Dockerizing a project with Docker Compose

Dockerizing a project with Docker Compose

The quick and easy way to setup Docker

Sidharth Subramanian's photo
Sidharth Subramanian
·Jul 5, 2022·

6 min read

Table of contents

  • Overview
  • How-to
  • Conclusion


You’ve all heard about Docker, its benefits, and how it helps containerize your projects in a workable environment, or you wouldn’t be here.

As cool as it all is, beginners can still find it daunting. In this post, you’ll learn an easy way to dockerize your projects. Let’s dive into it.


To make things easier, we’re going to use Docker Compose. For this demo, we’ve set up a simple Next.js project which contains only the defaults. Dockerizing takes very little effort, all you need is:

  • docker-compose.yml
  • Dockerfile (optional, only for custom images)

If you don’t have Docker already installed, you can do so from here.

Here’s a screenshot of what the directory will look like when done.

Docker Compose Directory.png


To get started, you’ll need a docker-compose.yml file. This is the file where we will do most of our work.

Note that docker-compose.yml needs to be at the root of your project.

Let’s say you have a project with a folder called subfolder1. And subfolder1 contains all of your project files. Then docker-compose.yml needs to be in subfolder1.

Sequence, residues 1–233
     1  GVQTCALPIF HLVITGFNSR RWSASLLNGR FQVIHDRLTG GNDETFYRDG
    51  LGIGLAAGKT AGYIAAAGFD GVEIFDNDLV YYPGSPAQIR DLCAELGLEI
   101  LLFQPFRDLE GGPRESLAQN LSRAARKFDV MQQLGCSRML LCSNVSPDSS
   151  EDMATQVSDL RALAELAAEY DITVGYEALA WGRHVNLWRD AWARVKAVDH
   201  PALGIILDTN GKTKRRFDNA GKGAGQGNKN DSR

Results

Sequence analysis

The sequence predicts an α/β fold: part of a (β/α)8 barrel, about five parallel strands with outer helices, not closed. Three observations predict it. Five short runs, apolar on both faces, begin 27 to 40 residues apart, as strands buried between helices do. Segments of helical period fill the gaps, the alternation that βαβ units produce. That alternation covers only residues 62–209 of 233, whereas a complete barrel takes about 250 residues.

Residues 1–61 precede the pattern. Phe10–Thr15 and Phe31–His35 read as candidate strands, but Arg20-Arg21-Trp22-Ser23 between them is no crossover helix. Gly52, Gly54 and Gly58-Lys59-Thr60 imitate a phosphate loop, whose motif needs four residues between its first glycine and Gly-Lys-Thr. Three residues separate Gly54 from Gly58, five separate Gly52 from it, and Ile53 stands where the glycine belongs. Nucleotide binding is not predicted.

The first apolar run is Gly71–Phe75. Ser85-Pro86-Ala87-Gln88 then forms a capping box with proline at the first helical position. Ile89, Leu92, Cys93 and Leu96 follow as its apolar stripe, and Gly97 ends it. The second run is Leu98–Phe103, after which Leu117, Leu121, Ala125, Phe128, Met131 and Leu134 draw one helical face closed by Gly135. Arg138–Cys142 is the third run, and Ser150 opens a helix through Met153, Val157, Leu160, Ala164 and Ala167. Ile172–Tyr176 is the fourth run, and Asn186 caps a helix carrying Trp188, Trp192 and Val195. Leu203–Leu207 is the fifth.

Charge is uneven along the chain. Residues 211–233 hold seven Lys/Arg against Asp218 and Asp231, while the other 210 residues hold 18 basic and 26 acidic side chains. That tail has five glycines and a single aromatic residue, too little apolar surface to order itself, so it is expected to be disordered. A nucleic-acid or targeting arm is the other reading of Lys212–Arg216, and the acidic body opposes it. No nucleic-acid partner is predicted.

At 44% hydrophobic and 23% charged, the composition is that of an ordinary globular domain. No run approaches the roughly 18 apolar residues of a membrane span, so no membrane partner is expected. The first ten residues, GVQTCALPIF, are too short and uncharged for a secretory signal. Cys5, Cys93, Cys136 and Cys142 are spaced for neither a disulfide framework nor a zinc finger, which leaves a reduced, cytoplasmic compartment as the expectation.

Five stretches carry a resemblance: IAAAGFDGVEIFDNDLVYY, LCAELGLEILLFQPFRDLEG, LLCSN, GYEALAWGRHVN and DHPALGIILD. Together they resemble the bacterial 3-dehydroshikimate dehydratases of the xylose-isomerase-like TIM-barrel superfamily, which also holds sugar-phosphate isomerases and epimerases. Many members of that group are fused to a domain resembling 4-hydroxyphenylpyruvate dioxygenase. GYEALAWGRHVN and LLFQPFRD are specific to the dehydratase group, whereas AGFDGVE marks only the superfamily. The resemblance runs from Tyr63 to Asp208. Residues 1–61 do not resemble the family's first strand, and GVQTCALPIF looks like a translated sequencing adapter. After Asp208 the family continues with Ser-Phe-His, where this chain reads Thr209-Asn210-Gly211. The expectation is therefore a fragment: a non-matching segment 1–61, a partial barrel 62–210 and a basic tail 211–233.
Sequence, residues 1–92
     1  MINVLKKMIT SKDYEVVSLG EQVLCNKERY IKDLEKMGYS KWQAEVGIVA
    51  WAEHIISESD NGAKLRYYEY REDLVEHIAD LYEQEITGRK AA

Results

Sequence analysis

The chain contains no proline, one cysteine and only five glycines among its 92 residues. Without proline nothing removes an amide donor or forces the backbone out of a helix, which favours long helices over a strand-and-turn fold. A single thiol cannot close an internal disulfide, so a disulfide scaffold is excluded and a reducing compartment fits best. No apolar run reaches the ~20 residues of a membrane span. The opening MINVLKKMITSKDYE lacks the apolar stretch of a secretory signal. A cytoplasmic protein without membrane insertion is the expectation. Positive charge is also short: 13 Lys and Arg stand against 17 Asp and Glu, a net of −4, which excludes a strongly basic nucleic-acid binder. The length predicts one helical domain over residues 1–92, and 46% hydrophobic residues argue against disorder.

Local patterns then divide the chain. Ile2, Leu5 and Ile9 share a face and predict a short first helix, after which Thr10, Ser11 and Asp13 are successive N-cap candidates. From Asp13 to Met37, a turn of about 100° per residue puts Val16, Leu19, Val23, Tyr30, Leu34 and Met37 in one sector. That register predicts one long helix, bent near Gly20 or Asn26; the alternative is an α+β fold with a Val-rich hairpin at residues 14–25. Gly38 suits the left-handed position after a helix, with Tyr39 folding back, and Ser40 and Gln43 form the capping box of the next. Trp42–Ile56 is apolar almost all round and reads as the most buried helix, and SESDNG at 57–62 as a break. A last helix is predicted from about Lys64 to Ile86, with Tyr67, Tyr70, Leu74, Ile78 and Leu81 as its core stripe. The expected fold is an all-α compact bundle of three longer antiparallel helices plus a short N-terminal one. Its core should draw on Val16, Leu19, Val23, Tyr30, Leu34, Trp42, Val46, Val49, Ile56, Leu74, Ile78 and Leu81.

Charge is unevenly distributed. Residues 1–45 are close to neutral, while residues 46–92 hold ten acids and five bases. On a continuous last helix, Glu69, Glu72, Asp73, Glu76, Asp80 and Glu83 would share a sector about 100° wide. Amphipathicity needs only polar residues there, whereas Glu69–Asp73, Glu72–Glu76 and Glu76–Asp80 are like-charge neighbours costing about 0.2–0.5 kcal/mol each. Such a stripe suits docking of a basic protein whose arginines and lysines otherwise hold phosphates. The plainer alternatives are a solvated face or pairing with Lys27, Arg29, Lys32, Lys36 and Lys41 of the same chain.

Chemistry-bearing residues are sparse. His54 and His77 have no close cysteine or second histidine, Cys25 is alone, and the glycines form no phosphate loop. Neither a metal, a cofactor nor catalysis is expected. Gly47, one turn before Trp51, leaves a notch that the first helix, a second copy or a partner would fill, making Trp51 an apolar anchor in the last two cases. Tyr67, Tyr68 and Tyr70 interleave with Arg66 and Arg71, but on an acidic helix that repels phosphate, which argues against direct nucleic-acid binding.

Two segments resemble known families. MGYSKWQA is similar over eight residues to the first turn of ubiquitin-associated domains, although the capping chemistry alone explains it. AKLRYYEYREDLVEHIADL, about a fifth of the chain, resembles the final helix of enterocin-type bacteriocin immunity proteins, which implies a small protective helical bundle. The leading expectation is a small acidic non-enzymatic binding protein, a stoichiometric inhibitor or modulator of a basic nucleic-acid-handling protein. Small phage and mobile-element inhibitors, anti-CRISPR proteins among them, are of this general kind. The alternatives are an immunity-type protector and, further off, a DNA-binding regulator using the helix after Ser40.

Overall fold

The root folder of our project in the Docker environment can be easily set if we create this file in the folder which we want as our root folder.

Now that you know which folder you want as your root, let’s get started with our file.

version: "3.5"

    # build: ./
        image: node:16-buster
    command: sh -c "yarn && yarn dev"
      - 3000:3000
    working_dir: /folder_name
      - ./:/folder_name

Let’s break down the docker-compose example above and see what makes it tick.


  • version tells Docker which version of Docker to use.

  • Under services, we setup our various environments to use.

Let’s say we want to create an environment called app. Here’s what it'll need:

Either an image or a build.

An image is an external Docker image we can use. This is great to get started, since there are a ton of images for us to use that are prepped and setup.

A build is when we want to use our own image. This can come in useful when we want to setup specific things in our environment, which is hard to find online.

  • command is used when we want to run a command when the environment is run. We can use sh -c to run commands in a shell, followed by yarn && yarn dev to install all of our dependencies and run the dev command using yarn. This is a common set of commands to run in React and Next projects, but the actual command can be any command you want to run.

  • ports tells Docker which ports to expose. In our case, we’re taking the 3000 port on our local machine and exposing it on the 3000 port on our Docker environment.

  • working_dir prepares a folder for us to use on our Docker environment. However, it would currently be empty. That’s where volumes comes in. We can map our current working directory ./ to the folder_name folder on our Docker environment.

And that’s it for the setup. There are more options to choose from, but these are ideal to start with. If you’d like to know more, you can visit the Compose Reference page.

Now let’s run this and see how it works.

Running docker-compose